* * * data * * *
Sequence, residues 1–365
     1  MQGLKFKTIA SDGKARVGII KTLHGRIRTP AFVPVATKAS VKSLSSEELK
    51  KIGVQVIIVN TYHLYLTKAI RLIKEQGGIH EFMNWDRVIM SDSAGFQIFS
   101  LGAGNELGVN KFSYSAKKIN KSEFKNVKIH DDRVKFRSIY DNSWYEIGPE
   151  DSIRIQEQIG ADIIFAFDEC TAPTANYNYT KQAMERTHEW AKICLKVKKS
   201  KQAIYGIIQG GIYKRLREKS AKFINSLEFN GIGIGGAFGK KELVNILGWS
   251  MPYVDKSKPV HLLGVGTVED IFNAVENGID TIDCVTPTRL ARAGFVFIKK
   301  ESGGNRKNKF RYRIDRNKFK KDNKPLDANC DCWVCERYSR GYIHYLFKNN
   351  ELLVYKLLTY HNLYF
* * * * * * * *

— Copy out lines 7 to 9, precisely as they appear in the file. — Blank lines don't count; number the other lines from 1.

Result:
   251  MPYVDKSKPV HLLGVGTVED IFNAVENGID TIDCVTPTRL ARAGFVFIKK
   301  ESGGNRKNKF RYRIDRNKFK KDNKPLDANC DCWVCERYSR GYIHYLFKNN
   351  ELLVYKLLTY HNLYF